Can Zoom Do It Again?

Written by Jennifer Clark
Posted January 13, 2021

It’s 2021, but some of what we’ve grown accustomed to in 2020 will naturally come over into the new year. What I’m talking about today has to do with the U.S. technology company, Zoom Video Communications (NASDAQ: ZM), and the major growth of its video telephony and online chat services.

Most smartphones have had apps available to make video calls for years. Apple (NASDAQ: AAPL) users have had the ability to FaceTime as far as I can remember, so the concept of being able to call one of your contacts and have a video call isn't new. However, video calls definitely weren't the norm, and you most definitely couldn't call multiple people in the same call. I could count on both of my hands the number of times I talked to someone on FaceTime. 

Then the coronavirus pandemic hit and most of the world went in lockdown to stop the spread of the virus. People needed a way of communicating with loved ones, and businesses needed a way to collaborate with their coworkers. Not only were people working remotely and hanging out remotely with friends and family, but students needed to attend school remotely. Thus, the demand for a secure platform that could provide businesses, educational systems, and individuals the opportunity to go about their new lives as normally as they could, surged. 

Zoom Video’s stock surged almost 400% in the last year because of the COVID-19 pandemic, turning the company into a household name. Everyone was having meetings and hangouts on Zoom.

The company went public on March 22, 2019. As a newly public company, it was gaining an immense amount of popularity. Zoom’s services are offered in dozens of countries and territories worldwide. However, with the vaccine here and the distribution slowly happening, it makes you wonder if Zoom meetings will become a thing of the past. 

--------------------------------------Sponsored Link-----------------------------------------

10X Bigger Than Amazon, Apple, or Google??

Amazon, Tesla, and Facebook — along with the Army, Navy, Marine Corps, Airforce, and Pentagon — are all piling into a controversial new technology.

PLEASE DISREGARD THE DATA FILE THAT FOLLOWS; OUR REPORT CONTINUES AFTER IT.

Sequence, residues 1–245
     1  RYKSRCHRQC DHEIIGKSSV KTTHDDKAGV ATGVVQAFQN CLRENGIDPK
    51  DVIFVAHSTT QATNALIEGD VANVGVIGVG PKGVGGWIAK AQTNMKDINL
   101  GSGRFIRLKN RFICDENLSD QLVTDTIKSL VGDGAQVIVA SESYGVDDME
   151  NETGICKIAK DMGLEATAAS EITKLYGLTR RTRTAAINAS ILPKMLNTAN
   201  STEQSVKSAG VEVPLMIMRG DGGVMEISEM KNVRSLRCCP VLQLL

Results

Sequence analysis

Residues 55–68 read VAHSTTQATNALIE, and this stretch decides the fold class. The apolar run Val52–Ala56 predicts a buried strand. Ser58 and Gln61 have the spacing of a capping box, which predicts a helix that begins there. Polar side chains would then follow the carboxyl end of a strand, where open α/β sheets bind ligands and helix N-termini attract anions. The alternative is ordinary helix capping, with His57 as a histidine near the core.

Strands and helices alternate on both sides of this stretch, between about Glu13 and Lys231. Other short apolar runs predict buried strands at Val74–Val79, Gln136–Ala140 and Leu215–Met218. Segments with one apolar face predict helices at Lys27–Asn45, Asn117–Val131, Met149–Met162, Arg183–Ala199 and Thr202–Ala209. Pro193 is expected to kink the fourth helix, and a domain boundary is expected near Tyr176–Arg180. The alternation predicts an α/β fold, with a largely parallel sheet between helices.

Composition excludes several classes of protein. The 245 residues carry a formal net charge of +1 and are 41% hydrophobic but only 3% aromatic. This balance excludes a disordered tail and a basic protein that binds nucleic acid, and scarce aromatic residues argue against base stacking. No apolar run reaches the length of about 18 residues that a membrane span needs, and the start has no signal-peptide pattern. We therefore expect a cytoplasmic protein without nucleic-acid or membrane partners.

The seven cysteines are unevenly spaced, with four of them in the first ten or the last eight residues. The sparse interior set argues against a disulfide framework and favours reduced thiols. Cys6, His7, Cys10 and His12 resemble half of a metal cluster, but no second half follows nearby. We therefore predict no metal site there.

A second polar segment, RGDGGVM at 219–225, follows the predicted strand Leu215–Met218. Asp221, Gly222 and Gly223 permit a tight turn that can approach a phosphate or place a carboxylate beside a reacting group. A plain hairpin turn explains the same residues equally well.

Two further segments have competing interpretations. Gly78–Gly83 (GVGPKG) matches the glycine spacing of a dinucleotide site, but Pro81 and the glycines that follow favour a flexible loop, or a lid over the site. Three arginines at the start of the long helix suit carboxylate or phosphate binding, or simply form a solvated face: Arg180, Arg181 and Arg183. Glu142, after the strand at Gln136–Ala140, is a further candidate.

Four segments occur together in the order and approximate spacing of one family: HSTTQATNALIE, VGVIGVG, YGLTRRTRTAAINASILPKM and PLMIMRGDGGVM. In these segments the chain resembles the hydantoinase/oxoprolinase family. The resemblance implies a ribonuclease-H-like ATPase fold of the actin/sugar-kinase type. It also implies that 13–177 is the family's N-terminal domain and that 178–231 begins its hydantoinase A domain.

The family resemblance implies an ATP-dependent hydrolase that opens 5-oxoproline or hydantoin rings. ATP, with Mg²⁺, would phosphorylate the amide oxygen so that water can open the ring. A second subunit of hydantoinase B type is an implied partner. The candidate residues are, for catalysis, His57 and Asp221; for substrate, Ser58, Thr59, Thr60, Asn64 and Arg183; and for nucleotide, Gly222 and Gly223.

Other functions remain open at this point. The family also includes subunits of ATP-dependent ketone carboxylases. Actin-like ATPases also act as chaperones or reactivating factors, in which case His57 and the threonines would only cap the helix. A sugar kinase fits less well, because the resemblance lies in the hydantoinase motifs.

According to the World Economic Forum, this new technology could be worth $12.7 trillion over the next few years...

If you're looking to cash in on the next major tech trend… this is it.

Click here for the full story (#1 tech named inside).


Students will be going back to school and taking their classes in person. Most businesses will go back into their offices and people will be able to go out and hang out with their friends and family in public areas again. What will Zoom Video have left after the world returns to this normalcy? Is the company hoping that people will get used to Zoom meetings and calls and will continue using the platform to connect with people who are in different states or countries?

Zoom was an attractive option at the beginning of the pandemic because it had a free tier that allowed for group calls for up to 40 minutes. Groups that extended those 40 minutes would be roped into Zoom’s paid tiers, which extended the time limit and added premium features like cloud-based recording, transcripts, and single sign-on. 

Because of this, the company was able to generate revenue from those who upgraded to its paid tiers. The company’s revenue increased by 88% to $622.7 million in the fiscal year of 2020, which was nothing compared to what the company saw in the first nine months of 2021. Zoom’s revenue skyrocketed to 307% year-over-year to $1.77 billion. Zoom claimed that during the peak of the pandemic lockdowns in April, it had about 300 million active participants per day who were hosting meetings. 

While this stock would have been one to identify earlier in 2020, it might not carry that same momentum going into 2021. As I mentioned earlier, slowly but surely, people will be returning to public life and will be socializing, going to work, and taking classes in-person. The need to be online in a Zoom meeting will dwindle. It’ll be another app that will be occasionally used.

However, there is still potential for Zoom to gain business users since some companies have announced that they will remain working remotely, but it will never be close to the numbers that Zoom saw during peak pandemic lockdowns and throughout the rest of 2020. 

Until next time, 

Jennifer Clark
Pro Trader Today
Wireless Charging is Here!